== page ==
[p. 5] Benjamin Ellis
(who starved in a Southern prison, was exchanged among other prisoners, and reached Medford
only to die); Antipas Newton, Jr.
; Austin F. Clark
; Charles Ellis
; George A. Newcomb
; Rodney Hathaway
and Nelson Hathaway
was followed by Revs. Henry M. Loud
, David Sherman, D. D.
, and Daniel Wait.
During Mr. Wait
's ministry a revival occurred which spread through the town, embracing all the evangelical churches.
During this pastorate, also, the church lost by death three of its most valued members—Joseph L. Goldthwait
, Albert Butters
and Ira T. Barker
In 1869 Rev. N. T. Whitaker
followed Mr. Wait
That year the society purchased a house on the corner of Salem and Park streets for a parsonage, but retained it only two years when the new church enterprise demanded all available funds.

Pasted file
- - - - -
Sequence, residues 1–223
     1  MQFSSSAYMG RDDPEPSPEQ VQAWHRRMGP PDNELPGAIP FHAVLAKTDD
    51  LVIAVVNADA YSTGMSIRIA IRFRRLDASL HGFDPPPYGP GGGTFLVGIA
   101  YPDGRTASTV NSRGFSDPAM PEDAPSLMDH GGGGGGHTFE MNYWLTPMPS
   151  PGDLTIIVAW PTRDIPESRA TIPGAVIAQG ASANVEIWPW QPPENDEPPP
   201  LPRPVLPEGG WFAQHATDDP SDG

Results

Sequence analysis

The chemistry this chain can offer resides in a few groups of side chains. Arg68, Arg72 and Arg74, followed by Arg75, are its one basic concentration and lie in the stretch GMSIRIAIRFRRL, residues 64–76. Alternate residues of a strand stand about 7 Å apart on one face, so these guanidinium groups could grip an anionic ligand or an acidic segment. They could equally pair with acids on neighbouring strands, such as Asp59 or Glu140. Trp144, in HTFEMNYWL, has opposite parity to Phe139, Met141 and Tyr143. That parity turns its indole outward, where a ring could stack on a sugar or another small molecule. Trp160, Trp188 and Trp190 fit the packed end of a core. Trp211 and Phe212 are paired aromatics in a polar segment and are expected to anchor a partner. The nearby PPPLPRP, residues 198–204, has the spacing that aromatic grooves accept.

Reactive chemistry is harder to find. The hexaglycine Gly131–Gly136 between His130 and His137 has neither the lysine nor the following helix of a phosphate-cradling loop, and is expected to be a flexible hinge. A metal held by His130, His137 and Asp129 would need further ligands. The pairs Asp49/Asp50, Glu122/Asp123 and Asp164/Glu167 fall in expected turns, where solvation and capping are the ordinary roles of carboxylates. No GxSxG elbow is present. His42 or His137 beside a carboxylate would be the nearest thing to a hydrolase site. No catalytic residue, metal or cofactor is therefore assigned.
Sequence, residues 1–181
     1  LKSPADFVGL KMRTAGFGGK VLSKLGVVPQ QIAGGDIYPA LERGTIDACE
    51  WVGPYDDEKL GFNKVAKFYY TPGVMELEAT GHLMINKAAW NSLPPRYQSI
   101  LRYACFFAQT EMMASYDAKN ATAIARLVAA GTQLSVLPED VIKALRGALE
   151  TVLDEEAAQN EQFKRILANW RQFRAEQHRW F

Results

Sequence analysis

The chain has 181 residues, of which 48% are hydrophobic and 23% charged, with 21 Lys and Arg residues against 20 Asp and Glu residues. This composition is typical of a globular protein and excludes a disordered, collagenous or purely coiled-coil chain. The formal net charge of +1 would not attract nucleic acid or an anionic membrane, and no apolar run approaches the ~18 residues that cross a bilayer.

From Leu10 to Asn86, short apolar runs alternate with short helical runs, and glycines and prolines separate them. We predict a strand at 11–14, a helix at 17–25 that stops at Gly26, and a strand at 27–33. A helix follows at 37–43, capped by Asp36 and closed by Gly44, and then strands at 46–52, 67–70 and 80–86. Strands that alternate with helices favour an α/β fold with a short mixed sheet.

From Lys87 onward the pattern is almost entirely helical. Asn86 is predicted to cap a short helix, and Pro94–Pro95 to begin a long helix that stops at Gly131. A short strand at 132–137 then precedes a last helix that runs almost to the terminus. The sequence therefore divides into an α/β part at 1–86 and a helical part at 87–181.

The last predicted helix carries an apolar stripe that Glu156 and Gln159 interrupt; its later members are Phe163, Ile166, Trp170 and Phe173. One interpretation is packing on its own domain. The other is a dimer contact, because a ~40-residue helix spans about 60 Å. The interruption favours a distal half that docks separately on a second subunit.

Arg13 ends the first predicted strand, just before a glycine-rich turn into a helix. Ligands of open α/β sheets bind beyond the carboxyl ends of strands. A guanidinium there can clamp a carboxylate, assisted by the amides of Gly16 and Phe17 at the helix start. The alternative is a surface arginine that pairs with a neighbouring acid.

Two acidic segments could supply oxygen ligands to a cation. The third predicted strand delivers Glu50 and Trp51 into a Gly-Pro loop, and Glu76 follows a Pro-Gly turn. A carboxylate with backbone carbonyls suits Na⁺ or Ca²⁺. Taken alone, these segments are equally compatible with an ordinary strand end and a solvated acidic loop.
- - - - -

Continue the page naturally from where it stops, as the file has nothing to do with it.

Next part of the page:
In 1869 a new board of trustees was incorporated according to the General Statutes
of the Commonwealth
On July 1, 1871, land for a new church was bought on Salem street near Cross street, and the work of building was entered upon at once.
The building committee were William C. Child
, Thomas C. Newcomb
and Obed K. Doane
, who did faithful service until the beautiful church was completed at a cost of $50,000. It was dedicated April 30, 1873, by Bishop Gilbert Haven
, assisted by Revs. Ira G. Bidwell, D. D.
(who preached the sermon), R. R. Meredith
, and the pastor, Rev. Francis J. Wagner
Inasmuch as this church building was for many years a landmark in Medford
, and now nothing remains of it, even its ashes having been removed, it may be well to give a short description of its distinguishing characteristics.
It was of open timber construction, its interior finish was of chestnut, and the organ pipes and frescoing in blue
The auditorium was the largest in the town, seating more than one thousand, and the organ was the finest for many miles around, costing $3,500. It was what was styled a ‘two-story church,’ i.e
., its basement, containing the Sunday-school and social rooms,